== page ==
Whether to breast-feed in public, many nursing mothers say, is not simply a matter of being respectful of another person’s sensibilities. They cite research by the Food and Drug Administration showing that the degree of embarrassment a mother feels about breast-feeding plays a bigger role in determining whether she is likely to do so than household income, length of maternity leave or employment status.
The American Academy of Pediatrics urges women to feed their babies only breast milk for the first six months, and continue breast-feeding for at least an additional six months. If its recommendations were followed, the group estimates that Americans would save $3.6 billion in annual health care costs because breast-fed babies tend to require less medical care. But while more women are breast-feeding for the first few weeks, fewer than one-third are still nursing after six months. Some doctors attribute the decline to self-consciousness and the difficulties of finding spaces where nursing seems acceptable.
“To many mothers, breast-feeding runs up against sexual attitudes toward the breast,” said Dr. Lawrence Gartner, who leads the academy’s research on breast-feeding. “That reduces the prevalence of breast-feeding, which is a bad situation because duration of breast-feeding is an important factor in children’s health.”
Even mothers who are committed to nursing say they are shaken when confronted with the hostility or consternation of strangers observing them.
“People make you feel like you’re doing something dirty, almost,” said Rene Harrell, 26, of Chantilly, Va., who said she was recently asked to leave a Delta airport lounge in Atlanta as she nursed her 8-month-old son, Elijah.
Once on the plane awaiting takeoff, she said, a man across the aisle complained loudly about her into his cellphone as she continued to nurse.
The scene, said Ms. Harrell, reminded her of the one Ms. Walters described, which she read about on an Internet discussion board.
Someone on my board said it’s all about the nipple. Americans view the nipple as an extremely sexual, almost taboo thing. There was a picture floating around a few months ago from a South American country. It was a woman breastfeeding her child while talking to the President of the country. Yep. Talk about a culture that embraces nurturing the child. When did the good ole U.S. of A. get so uptight? I mean, we can have an ultra-provocative commercial featuring Paris Hiltion washing a car, but my breastfeeding my child in public is offensive?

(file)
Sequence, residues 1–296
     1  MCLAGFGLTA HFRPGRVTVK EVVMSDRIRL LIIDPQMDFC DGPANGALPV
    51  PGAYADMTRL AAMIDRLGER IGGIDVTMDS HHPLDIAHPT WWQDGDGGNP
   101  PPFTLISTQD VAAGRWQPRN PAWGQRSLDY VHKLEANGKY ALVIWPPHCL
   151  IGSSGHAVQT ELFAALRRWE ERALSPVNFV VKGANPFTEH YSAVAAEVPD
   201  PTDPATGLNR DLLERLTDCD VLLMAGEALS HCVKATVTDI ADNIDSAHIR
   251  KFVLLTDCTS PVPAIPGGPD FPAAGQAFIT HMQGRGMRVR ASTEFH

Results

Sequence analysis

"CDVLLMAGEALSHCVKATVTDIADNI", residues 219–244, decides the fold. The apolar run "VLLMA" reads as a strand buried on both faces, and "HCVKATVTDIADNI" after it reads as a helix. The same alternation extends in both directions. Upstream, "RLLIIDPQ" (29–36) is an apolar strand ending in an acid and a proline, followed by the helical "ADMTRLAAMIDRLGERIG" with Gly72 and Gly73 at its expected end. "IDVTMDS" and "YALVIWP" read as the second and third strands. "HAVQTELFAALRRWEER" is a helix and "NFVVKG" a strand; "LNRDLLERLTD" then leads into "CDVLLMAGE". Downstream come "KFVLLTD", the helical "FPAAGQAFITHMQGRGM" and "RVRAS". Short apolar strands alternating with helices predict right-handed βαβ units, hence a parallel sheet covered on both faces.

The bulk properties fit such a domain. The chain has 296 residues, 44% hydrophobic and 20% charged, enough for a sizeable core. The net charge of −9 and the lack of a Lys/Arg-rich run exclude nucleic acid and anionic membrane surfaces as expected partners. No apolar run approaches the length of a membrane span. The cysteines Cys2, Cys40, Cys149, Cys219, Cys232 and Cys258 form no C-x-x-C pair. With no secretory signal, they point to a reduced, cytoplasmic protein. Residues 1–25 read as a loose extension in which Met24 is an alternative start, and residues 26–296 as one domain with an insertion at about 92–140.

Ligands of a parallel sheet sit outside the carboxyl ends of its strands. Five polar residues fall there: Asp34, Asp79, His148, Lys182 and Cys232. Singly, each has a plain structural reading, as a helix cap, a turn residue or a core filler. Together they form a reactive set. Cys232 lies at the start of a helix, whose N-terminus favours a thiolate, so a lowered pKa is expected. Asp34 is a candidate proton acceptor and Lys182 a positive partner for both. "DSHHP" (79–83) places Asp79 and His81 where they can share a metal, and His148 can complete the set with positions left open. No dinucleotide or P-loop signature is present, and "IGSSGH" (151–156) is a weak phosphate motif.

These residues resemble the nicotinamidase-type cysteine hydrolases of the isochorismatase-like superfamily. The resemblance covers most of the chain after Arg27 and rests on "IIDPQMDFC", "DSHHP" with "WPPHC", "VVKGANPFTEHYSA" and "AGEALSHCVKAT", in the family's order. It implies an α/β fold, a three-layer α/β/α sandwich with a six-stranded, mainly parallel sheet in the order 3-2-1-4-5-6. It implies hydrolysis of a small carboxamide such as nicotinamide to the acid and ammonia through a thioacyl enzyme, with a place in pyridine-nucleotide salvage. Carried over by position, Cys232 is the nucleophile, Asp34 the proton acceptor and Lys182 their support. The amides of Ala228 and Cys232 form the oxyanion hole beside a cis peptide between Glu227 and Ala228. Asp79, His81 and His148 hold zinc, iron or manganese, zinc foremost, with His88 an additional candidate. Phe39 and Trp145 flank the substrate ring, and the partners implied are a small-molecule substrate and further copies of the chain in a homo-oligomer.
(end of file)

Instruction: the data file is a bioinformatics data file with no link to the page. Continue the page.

Marilyn Yalom, the author of “History of the Breast,” says Americans’ views of the breast has changed over time, and could change again. More than in other countries, she said, the breast is seen here as a sexual object.
“We live in a very mechanistic society and almost anything that doesn’t come out of a package is somehow suspect,” Ms. Yalom said. “So milk that comes out of a real human breast, we’re not very comfortable with, it brings us too close to our animal nature.”
I don’t know. I still think it’s about the nipple and the sexuality of the breast. Men see the breast as objects of desire, not a source of food. Many women obviously view them the same as evidenced by the number who buy padded bras, miracle bras, enhancements, and get boob jobs.
But my favorite anectdote from the whole View debacle apparently took place on yesterday’s show, during the “nurse-in” Rosie O’Donnell, author of the most irritating blog I have ever read and former talk show host, seemingly had feelings of jealousy towards her significant other who nursed their child. And asked her to stop breastfeeding because she was jealous of that closeness her SO was sharing with their child. When Joy (one of the View hosts) asked her about her baby getting the best (as far as nutritionally and health-wise) instead of her personal wishes, she allegedly responded that she didn’t care. Wow.